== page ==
Thursday, September 24, 2015

The Cotswolds - Kelmscott

Cotswold cottage on the Oxfordshire village of Kelmscott by Martyn Ferry Photography

Kelmscott, famous as the home of the writer and designer William Morris, is a small, secluded hamlet on the north bank of the river Thames, and is at the end of a no-through road that peters out at the Thames towpath. It has remained a small and predominantly agricultural community, built around two working farms, and even today it consists of less than 200 residents.

Saturday, September 19, 2015

The Cotswolds - Filkins

Victorian church in the Oxfordshire Cotswold village of Filkins by Martyn Ferry Photography

The village of Filkins is actually two villages, as sat right next to it is Broughton Poggs, officially the small Broadwell brook marks the boundary separating the two villages, but in reality, you can walk from one to the other and not know it. Broughton Poggs doesn't actually have any roads that lead into the village, so you could only walk to it.

Thursday, September 17, 2015

The Cotswolds - Bampton

Church green at Bampton in Oxfordshire used for Downton Abbey by Martyn Ferry Photography

Continuing our tour of the Cotswolds, and in recognition of the fact that Downton Abbey is returning to the screens very shortly, we visit the lively town of Bampton. It may seem oddly familiar to Downton Abbey fans, as it doubles as the fictional Yorkshire village of Downton, supposedly somewhere between Ripon and Thirsk!

Wednesday, September 16, 2015

Hay Bales at Sunset

Cotswold hay bales at sunset by Martyn Ferry Photography

I have been out and about in the Cotswold countryside a few evenings in the last week, to try and get some hay bale sunset action. Not as easy a task as you might think, given the changeable weather conditions we've had recently, and that the hay bales seem to be whisked off almost as soon as they appear on the landscape.

Not deterred, I searched high and low to find some shots, sometimes the sun appeared at the right time, and sometimes it didn't appear at all, sometimes the bales were still there, and more often than not they had been squirrelled away, but my efforts paid off in the end, and I managed to snaffle a few images from this years round of hay bailing.

Tuesday, September 15, 2015

Exmoor Day 2 - Moorland sunrise & some wild ponies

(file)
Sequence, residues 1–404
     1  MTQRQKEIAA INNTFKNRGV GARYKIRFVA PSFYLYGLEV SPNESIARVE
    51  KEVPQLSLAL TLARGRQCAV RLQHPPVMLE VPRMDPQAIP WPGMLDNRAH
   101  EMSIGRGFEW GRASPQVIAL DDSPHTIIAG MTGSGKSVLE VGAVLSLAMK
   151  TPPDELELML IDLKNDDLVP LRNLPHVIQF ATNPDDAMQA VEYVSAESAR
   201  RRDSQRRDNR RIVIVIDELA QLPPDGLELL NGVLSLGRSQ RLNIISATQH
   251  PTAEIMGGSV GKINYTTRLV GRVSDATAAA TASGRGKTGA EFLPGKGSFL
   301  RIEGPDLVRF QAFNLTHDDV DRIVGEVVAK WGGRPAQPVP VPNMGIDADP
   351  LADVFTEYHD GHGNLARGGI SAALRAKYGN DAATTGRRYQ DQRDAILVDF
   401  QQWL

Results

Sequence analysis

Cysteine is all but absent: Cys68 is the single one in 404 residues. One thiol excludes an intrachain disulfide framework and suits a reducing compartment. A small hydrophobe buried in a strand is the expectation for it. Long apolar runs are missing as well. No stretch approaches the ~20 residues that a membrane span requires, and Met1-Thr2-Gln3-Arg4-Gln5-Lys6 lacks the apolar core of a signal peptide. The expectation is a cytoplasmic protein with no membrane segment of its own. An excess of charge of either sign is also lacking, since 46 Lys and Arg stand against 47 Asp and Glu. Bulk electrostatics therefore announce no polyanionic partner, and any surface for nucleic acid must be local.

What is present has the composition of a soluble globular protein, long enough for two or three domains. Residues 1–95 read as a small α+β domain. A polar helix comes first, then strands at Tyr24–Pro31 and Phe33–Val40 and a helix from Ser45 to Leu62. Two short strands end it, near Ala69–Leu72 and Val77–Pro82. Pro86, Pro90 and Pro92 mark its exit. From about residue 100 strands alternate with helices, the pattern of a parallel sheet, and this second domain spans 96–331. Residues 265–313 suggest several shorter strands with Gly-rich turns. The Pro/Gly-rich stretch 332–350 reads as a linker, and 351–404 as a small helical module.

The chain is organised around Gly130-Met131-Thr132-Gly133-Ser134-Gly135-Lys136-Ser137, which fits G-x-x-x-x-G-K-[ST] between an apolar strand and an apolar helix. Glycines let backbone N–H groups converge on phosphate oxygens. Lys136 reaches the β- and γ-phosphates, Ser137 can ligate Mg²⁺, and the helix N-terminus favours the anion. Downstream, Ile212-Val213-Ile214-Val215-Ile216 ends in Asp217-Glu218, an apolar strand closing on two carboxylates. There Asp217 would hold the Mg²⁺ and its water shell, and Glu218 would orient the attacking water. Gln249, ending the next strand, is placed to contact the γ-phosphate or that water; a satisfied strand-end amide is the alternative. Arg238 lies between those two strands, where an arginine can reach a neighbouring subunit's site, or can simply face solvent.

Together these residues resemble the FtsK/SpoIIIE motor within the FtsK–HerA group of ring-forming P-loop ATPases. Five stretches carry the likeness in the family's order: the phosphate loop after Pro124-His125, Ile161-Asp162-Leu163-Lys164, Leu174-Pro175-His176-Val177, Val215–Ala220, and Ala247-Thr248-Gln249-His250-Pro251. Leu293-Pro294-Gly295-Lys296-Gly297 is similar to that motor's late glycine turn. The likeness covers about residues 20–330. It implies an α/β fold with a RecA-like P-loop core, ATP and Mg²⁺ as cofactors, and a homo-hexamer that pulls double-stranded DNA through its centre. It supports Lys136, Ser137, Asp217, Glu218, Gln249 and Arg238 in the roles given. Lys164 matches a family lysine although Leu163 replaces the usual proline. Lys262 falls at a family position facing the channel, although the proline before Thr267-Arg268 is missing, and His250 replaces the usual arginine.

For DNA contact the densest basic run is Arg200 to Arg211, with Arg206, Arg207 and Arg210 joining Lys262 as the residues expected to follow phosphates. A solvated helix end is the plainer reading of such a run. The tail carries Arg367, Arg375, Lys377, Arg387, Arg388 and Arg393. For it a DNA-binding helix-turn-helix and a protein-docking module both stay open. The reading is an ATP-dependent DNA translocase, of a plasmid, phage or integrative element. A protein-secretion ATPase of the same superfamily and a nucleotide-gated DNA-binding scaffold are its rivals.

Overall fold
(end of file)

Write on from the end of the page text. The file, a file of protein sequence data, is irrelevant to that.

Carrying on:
Sunrise light over the Exmoor landscape by Martyn Ferry Photography

I was up early again in the hope that sunrise would be more amenable than the previous day. I took the little lane that heads upwards onto the moors, before arriving at at the coast road and then onwards to Porlock. I stopped on the silent moor and hunted around for some heather, which was a bit of a task, as there wasn't much about. I found a small patch that would have serve as my foreground colour and parked up, watching the sky to see if my time was about to be wasted again.

Setting up in the still morning, all I could hear were the eccentric bleatings of distant sheep, as they rummaged around in the undergrowth for some breakfast, but beyond that, it was as if the landscape itself was still sleeping as there was complete stillness.

After waiting a little while a small glimmer appeared on the horizon, there was a great deal of cloud about, but thankfully a nice gap had appeared, which allowed the rising orb to fling a little colour about the surrounding brumey blanket.

Thursday, September 10, 2015

Exmoor Day 1 - Battle with the clouds

Landscape at the Valley of the Rocks near Lynton in Exmoor by Martyn Ferry Photography

I was down in Exmoor for a couple of days, which is always a good thing, as it's such a beautiful spot. I was somewhat limited in what I could get up to though as I had recently broken a toe, so my mobility was somewhat impaired, no walks through the Barle Valley on this visit. If I could drive to it, then I would go to it, otherwise it was out of bounds.
I was up for sunrise first thing that morning, at the slightly impudent hour of 5.30, and I took a drive through Simonsbath and out onto the moorland in the hope that there would be some spectacular colour in the sky. There wasn't.